|Conservation status||Numbers probably increased in the early days of settlement, up through the early 1800s, as forest was turned into farmland in eastern North America. During the period of commercial hunting in the late 1800s, great numbers were shot, and the population dropped sharply. Since that time, Upland Sandpipers have recovered in a few areas. Their numbers are apparently holding steady on parts of Great Plains, but in much of the east and northeast they are now very local.|
|Habitat||Grassy prairies, open meadows, fields. Favored nesting habitat is native grassland, with mixture of tall grass and broad-leafed weeds. In the northeast, where natural grassland is now scarce, may be found most often on airports. In migration, stops on open pastures, lawns. Almost never on mudflats or other typical shorebird habitats.|
Forages by walking through the grass, with rather abrupt or jerky movements, picking up items from ground or from vegetation.
4. Pale buff to pinkish-buff, lightly spotted with reddish-brown. Incubation is by both sexes, 22-27 days. Young: Downy young leave nest soon after hatching. Both parents tend young, but young feed themselves. If nest or young are threatened, adults perform distraction display to lead predators away. Age of young at first flight about 30-31 days.
Downy young leave nest soon after hatching. Both parents tend young, but young feed themselves. If nest or young are threatened, adults perform distraction display to lead predators away. Age of young at first flight about 30-31 days.
Mostly insects, some seeds. Feeds on a wide variety of insects, including many grasshoppers, crickets, beetles and their larvae, moth caterpillars, and many others; also spiders, centipedes, earthworms, snails. Also eats some seeds of grasses and weeds, and waste grain in fields.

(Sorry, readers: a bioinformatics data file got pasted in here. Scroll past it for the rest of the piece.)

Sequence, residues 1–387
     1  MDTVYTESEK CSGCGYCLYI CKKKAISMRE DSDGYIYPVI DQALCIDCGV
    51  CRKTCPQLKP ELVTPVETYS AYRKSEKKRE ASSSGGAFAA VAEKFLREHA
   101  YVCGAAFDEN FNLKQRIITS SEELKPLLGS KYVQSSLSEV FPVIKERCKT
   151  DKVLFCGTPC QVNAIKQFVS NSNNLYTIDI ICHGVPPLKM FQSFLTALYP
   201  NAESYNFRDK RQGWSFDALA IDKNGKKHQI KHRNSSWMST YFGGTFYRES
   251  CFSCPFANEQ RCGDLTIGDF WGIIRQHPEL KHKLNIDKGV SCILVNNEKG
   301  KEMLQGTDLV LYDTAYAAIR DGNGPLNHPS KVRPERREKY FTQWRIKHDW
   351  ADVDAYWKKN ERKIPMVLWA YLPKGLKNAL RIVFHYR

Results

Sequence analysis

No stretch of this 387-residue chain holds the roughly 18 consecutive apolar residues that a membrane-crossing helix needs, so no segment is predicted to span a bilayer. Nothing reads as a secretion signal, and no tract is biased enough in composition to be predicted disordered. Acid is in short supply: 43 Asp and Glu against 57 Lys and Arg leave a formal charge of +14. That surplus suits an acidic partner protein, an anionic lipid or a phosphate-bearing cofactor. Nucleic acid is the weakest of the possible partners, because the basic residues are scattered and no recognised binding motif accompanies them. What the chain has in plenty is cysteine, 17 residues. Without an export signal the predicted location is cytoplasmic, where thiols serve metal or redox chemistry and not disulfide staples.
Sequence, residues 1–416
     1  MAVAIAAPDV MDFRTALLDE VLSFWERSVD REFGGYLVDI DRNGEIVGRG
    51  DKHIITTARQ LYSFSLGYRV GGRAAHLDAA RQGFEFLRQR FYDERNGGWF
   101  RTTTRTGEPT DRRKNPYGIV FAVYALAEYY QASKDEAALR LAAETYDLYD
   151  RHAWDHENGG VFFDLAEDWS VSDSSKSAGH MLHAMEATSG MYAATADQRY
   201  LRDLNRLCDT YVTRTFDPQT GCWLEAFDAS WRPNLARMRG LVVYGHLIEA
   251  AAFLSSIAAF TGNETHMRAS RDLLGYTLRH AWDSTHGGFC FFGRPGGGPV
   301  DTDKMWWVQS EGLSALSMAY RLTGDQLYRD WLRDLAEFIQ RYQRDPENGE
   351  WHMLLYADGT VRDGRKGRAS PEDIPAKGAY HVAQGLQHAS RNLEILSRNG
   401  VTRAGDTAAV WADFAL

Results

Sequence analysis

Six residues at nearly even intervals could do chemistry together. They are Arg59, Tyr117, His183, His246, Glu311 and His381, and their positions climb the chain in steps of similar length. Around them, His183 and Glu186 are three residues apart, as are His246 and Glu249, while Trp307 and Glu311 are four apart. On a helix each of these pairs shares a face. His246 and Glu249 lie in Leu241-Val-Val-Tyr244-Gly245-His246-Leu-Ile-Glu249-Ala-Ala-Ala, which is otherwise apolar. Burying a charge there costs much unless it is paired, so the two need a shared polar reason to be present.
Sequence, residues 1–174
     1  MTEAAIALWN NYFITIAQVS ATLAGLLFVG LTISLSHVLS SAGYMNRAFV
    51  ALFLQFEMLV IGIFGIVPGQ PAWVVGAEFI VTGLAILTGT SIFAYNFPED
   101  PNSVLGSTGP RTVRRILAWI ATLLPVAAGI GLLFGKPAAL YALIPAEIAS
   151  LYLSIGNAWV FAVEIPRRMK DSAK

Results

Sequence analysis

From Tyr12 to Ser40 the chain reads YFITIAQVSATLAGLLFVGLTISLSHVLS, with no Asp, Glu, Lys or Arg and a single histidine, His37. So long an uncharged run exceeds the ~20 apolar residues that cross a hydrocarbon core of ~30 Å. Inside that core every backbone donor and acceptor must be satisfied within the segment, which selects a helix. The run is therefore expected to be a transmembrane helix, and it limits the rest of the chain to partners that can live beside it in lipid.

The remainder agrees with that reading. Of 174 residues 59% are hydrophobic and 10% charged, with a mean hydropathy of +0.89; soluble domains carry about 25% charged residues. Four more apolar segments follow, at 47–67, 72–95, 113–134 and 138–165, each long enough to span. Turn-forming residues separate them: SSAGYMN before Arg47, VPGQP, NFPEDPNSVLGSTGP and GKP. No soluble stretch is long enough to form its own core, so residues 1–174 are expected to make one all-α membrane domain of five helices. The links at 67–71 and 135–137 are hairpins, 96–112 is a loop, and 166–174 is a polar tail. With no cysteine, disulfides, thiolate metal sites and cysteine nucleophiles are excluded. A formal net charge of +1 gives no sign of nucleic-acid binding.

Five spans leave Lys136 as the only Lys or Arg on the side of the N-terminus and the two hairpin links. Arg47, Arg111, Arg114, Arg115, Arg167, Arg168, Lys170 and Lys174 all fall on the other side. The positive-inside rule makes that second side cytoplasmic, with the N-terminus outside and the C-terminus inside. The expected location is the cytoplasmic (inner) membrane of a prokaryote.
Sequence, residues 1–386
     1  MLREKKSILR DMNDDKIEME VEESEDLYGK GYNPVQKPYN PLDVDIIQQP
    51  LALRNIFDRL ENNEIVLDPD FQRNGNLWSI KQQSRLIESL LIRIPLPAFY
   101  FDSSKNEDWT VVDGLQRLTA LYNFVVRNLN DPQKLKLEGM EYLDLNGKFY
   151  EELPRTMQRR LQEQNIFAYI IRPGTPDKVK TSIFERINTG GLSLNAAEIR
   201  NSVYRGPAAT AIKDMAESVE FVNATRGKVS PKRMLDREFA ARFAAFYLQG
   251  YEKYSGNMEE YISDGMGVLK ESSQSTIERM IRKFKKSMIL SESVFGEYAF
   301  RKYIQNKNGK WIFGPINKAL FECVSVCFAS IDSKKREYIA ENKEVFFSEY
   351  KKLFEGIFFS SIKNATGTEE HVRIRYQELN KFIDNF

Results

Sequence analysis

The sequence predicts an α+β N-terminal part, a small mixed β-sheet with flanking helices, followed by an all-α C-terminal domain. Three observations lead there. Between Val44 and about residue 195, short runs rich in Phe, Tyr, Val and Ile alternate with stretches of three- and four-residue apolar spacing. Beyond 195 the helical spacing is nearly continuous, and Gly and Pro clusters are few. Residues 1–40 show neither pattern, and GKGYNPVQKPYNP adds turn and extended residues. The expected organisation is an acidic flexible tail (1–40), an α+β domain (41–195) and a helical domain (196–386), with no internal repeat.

Male displays over breeding territory in song-flight, with shallow, fluttering wingbeats and drawn-out whistles, often very high above the ground. May nest in loose colonies, with all the pairs in a local area going through stages of nesting (egg-laying, hatching, etc.) at almost exactly the same time. Nest site is on ground among dense grass, typically well hidden, with grass arched above it. Nest (probably built by both sexes) is shallow scrape on ground, lined with dry grass.
Illustration © David Allen Sibley.
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Text © Kenn Kaufman, adapted from
Lives of North American Birds
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A long-distance migrant, vacating North America entirely in winter. Migrates mostly through Great Plains in both spring and fall.
- All Seasons - Common
- All Seasons - Uncommon
- Breeding - Common
- Breeding - Uncommon
- Winter - Common
- Winter - Uncommon
- Migration - Common
- Migration - Uncommon
See a fully interactive migration map for this species on the Bird Migration Explorer.Learn more
Songs and CallsAlarm call a mellow quip-ip-ip-ip. On breeding grounds and at night during migration, a long, mournful, rolling whistle.
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How Climate Change Will Reshape the Range of the Upland Sandpiper
Audubon’s scientists have used 140 million bird observations and sophisticated climate models to project how climate change will affect this bird’s range in the future.
Zoom in to see how this species’s current range will shift, expand, and contract under increased global temperatures.
Climate threats facing the Upland Sandpiper
Choose a temperature scenario below to see which threats will affect this species as warming increases. The same climate change-driven threats that put birds at risk will affect other wildlife and people, too.